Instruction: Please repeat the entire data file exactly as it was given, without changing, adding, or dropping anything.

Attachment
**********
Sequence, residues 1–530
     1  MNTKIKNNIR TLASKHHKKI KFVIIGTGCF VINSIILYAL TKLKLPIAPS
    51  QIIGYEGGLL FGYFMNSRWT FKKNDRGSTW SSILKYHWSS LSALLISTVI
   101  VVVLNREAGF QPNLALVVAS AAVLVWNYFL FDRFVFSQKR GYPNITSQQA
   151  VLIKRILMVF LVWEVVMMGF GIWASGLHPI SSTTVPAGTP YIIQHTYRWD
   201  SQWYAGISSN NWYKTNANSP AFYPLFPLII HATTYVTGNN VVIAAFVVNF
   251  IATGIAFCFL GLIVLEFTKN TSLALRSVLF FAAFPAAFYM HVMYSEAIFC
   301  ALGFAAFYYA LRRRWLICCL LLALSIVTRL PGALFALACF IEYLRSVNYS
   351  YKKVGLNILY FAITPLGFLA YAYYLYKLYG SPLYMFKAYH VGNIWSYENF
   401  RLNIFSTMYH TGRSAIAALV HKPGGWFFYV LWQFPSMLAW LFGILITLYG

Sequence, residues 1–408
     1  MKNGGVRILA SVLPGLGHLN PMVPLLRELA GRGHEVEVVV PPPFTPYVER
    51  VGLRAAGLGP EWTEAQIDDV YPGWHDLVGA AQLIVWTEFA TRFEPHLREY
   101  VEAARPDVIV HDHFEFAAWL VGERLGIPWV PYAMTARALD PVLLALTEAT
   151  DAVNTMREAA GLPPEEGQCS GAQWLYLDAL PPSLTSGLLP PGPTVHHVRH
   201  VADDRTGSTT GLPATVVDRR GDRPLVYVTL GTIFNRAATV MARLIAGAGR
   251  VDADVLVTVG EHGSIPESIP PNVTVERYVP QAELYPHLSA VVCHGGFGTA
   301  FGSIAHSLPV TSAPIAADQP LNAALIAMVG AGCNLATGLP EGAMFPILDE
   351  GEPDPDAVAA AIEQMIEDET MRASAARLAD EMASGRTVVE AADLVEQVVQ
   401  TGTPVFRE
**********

Sequence, residues 1–530
     1  MNTKIKNNIR TLASKHHKKI KFVIIGTGCF VINSIILYAL TKLKLPIAPS
    51  QIIGYEGGLL FGYFMNSRWT FKKNDRGSTW SSILKYHWSS LSALLISTVI
   101  VVVLNREAGF QPNLALVVAS AAVLVWNYFL FDRFVFSQKR GYPNITSQQA
   151  VLIKRILMVF LVWEVVMMGF GIWASGLHPI SSTTVPAGTP YIIQHTYRWD
   201  SQWYAGISSN NWYKTNANSP AFYPLFPLII HATTYVTGNN VVIAAFVVNF
   251  IATGIAFCFL GLIVLEFTKN TSLALRSVLF FAAFPAAFYM HVMYSEAIFC
   301  ALGFAAFYYA LRRRWLICCL LLALSIVTRL PGALFALACF IEYLRSVNYS
   351  YKKVGLNILY FAITPLGFLA YAYYLYKLYG SPLYMFKAYH VGNIWSYENF
   401  RLNIFSTMYH TGRSAIAALV HKPGGWFFYV LWQFPSMLAW LFGILITLYG

Sequence, residues 1–408
     1  MKNGGVRILA SVLPGLGHLN PMVPLLRELA GRGHEVEVVV PPPFTPYVER
    51  VGLRAAGLGP EWTEAQIDDV YPGWHDLVGA AQLIVWTEFA TRFEPHLREY
   101  VEAARPDVIV HDHFEFAAWL VGERLGIPWV PYAMTARALD PVLLALTEAT
   151  DAVNTMREAA GLPPEEGQCS GAQWLYLDAL PPSLTSGLLP PGPTVHHVRH
   201  VADDRTGSTT GLPATVVDRR GDRPLVYVTL GTIFNRAATV MARLIAGAGR
   251  VDADVLVTVG EHGSIPESIP PNVTVERYVP QAELYPHLSA VVCHGGFGTA
   301  FGSIAHSLPV TSAPIAADQP LNAALIAMVG AGCNLATGLP EGAMFPILDE
   351  GEPDPDAVAA AIEQMIEDET MRASAARLAD EMASGRTVVE AADLVEQVVQ
   401  TGTPVFRE